Thursday, February 23, 2012

It's quiet... too quiet.

Okay, so I totally phoned it in last week, and don't have much to talk about this week either. I apologize. The issue is, not much is really happening. I had hoped to have a cover reveal for you this week, but things are running behind schedule. Actually, they're running behind schedule all around, but there's nothing I can do except wait patiently and occasionally nudge people. It's as dull and boring as it sounds.

Don't worry, though. I'll have at least two things to talk about next week. In the meantime, I appease you with a song:

Wednesday, February 15, 2012

On covers

Just a quick post today. I contacted the cover artist the other day, and it looks like I might have something to reveal in a week or two. In the meantime, Kate Evangelista, a good friend and fellow author who helped beta-read my own book, has a cover of her own to share: Her first novel, Taste, is out soon from Cresent Moon Press, and she just got the final cover back. Check it out!

Friday, February 10, 2012

Blog Hopping 2/10/2012

Welcome, fellow bloghoppers! You're looking at my personal blog, home to the rants and ramblings of an aspiring author. This week, I posted a somewhat-overdue progress report for my novel, Bonds of Fenris. I also do reviews of werewolf books, which are here. The review blog is currently on hiatus while I work on my own book, but feel free to browse the archived reviews. Have fun hopping!

This week's ice-breaker for TGIF @ GReads:

"What are some of your favorite fictional love stories?"

Well, I've enthused before about Kitty and Ben, who defy the usual stereotypes of lycanthropic romance. But I think I'm going to go a little more obscure today, and talk about Jinto and Lafiel:

That's a DVD of the anime, but it was originally a series of books.

Like the Kitty and Ben pairing, it's based on mutual support, but it goes deeper. Crest of the Stars, along with its sequel Banner of the Stars, is very hard science fiction. Jinto and Lafiel are both technically human, but when humans moved out into space they evolved into many different cultures. Jinto is a lander: born and raised on a surface world, and his particular circumstances are very unusual. Lafiel is an Abh, living in the spaceways. Their initial attraction is based on how different they are from each other, and their love is representative of two disparate cultures growing together. It's very sweet and thought-provoking. And the animated adaptation failed because the public didn't get it. Le sigh, but at least I still have those DVDs.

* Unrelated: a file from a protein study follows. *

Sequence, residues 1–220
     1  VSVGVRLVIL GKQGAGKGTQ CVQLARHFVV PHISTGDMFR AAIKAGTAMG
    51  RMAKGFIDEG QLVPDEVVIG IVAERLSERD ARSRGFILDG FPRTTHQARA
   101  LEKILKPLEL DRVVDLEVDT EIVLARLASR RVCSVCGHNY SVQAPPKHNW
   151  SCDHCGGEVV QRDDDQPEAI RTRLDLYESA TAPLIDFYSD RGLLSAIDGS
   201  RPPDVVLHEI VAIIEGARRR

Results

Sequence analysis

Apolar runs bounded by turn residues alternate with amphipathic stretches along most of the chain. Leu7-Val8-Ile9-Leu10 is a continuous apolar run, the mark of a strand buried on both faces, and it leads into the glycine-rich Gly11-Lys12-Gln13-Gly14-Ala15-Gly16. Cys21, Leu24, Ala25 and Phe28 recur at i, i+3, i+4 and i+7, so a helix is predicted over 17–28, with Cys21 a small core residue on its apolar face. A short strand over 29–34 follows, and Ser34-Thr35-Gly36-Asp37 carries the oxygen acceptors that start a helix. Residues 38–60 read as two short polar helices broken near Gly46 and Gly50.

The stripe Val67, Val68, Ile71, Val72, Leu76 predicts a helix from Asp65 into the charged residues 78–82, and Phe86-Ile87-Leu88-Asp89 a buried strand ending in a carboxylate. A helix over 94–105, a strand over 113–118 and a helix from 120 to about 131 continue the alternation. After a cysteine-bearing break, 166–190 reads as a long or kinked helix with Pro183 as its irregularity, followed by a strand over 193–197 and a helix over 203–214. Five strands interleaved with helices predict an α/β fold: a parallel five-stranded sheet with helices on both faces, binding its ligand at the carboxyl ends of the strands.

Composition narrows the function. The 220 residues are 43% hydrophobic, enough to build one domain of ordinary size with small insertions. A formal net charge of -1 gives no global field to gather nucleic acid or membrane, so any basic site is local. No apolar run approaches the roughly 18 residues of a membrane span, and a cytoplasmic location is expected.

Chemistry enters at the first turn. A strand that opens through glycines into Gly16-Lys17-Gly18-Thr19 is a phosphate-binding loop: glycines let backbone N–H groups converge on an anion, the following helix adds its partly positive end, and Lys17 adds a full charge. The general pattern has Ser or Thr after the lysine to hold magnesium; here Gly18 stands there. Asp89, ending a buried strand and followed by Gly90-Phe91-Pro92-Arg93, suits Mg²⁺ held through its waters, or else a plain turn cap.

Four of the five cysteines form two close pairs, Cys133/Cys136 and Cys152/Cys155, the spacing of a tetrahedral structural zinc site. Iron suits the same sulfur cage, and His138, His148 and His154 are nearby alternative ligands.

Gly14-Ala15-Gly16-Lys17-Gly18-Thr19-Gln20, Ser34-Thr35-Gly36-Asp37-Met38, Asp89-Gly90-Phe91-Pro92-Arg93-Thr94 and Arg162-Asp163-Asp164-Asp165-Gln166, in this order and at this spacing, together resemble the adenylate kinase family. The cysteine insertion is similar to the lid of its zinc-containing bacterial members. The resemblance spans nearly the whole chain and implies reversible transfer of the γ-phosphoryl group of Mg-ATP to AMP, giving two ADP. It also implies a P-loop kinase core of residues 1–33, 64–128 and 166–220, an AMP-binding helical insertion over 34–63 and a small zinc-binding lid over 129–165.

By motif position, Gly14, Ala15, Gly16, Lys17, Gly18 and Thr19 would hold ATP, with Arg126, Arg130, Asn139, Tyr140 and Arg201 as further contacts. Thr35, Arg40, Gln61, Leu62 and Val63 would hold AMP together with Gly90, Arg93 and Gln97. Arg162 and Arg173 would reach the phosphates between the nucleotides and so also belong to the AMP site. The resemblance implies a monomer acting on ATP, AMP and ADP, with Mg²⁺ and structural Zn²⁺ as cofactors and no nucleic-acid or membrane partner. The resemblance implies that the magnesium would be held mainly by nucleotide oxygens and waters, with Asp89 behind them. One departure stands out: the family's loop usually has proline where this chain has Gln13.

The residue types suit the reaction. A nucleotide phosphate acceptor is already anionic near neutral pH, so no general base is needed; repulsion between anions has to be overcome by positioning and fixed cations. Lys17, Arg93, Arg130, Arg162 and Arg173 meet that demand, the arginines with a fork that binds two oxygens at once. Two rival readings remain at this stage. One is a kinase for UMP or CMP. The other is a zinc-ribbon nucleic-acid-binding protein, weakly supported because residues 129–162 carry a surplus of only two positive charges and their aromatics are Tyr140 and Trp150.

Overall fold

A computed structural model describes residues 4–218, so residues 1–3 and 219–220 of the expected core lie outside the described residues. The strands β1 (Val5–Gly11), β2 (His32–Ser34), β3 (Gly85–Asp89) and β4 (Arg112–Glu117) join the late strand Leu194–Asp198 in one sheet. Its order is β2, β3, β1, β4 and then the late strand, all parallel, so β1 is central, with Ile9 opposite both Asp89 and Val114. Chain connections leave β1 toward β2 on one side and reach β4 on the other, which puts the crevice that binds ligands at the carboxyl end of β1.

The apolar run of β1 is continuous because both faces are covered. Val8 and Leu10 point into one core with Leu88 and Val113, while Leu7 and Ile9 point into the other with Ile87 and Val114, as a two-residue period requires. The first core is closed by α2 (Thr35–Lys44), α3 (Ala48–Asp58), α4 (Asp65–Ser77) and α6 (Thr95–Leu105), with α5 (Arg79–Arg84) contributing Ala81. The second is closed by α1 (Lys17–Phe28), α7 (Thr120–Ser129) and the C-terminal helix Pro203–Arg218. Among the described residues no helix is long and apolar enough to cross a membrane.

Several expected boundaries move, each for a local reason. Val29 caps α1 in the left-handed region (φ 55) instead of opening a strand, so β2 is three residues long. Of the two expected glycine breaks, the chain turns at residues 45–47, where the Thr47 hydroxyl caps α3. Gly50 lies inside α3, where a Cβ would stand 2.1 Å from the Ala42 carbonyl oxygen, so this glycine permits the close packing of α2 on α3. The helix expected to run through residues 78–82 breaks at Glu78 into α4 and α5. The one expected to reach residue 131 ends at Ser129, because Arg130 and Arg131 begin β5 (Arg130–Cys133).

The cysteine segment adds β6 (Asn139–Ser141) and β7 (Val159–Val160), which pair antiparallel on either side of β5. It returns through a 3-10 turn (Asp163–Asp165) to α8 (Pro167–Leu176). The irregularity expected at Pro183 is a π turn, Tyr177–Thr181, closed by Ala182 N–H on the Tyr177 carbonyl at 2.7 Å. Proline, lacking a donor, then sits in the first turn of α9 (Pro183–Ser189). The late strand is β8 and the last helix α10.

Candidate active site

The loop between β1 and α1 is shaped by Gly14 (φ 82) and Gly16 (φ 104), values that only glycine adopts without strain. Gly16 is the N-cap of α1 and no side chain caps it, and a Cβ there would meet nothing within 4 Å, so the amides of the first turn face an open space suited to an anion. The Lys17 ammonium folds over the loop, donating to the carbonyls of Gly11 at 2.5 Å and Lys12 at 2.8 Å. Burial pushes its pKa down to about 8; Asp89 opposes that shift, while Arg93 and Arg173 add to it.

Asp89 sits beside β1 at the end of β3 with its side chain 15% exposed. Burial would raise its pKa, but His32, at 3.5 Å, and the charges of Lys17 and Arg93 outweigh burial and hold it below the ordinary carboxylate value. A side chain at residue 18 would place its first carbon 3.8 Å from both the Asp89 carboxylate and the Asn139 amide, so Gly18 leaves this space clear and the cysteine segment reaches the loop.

That's all for this week. Have a good weekend!

Thursday, February 9, 2012

Progress Report

So, I started this blog with the intent of chronicling my journey to publication, and there's been some mission creep, I think. It's evolved into more of a way to get myself out there, as a person. Which is an important part of the process. I mean, there are a lot of independent authors out there, and you have to stand out. Avoid being another face in the faceless mass.

But the bigger reason why you haven't heard a lot about the process is that frankly, the process isn't very interesting. It's mostly busywork. The entertaining part, as far as I'm concerned, is mostly over when the book is done. Nevertheless, I figure maybe my followers might want to know how things are coming.

The past few weeks have been focused on finding two important people: a proofreader and a cover artist. I was looking for a third person, a developmental editor, but then I realized I've been working with those all along, calling them "beta-readers". Huh. Power of Friendship FTW! This last week has been kind of busy, because I've narrowed the pool of potential proofers to the point where I almost have a decision made. Likewise, I've narrowed down the field of cover artists to a few distinct possibilities who do good work. All of this is turning out to be not such a wallet-buster as I imagined, which is fortunate. Day jobs are still hard to find and unemployment ain't paying the rent.

The major hump right now is going to be typesetting, or more broadly, formatting for both print and e-book. I've been procrastinating on that, partially because I didn't want to go forward without an editor, and partially because it's intimidating. Smashwords provides a lot of good advice and tools (including their famous "meatgrinder'), but the body of the work still falls on the author's shoulders. I haven't taken the time to familiarize myself with the tools I'll be using. Still and all, I can't put it off much longer, so I'm going to have to pull up my big boy pants and get to it.

And after all this, the question of promotion comes up. Here, I'm going to be leveraging the blogosphere as hard as I can. Through Blog Hopping and promoting my review blog, I've developed what I think is a good understanding of how the book blogging world works, and I think I know how to get my fellow bloggers on board with cross-promotion. I've also got an idea that may or may not come to fruition, and if it does it will definitely get people involved.

So, while there's a lot of work that still has to be done, It looks like I'm on course for a May release. Good times. ^_^

Friday, February 3, 2012

Blog Hopping 2/3/2012

Welcome, fellow bloghoppers! You're looking at my personal blog, home to the rants and ramblings of an aspiring author. This week, I did a movie night feature on an old classic. I also do reviews of werewolf books, which are here. The review blog is currently on hiatus while I work on my own book, but feel free to browse the archived reviews. Have fun hopping!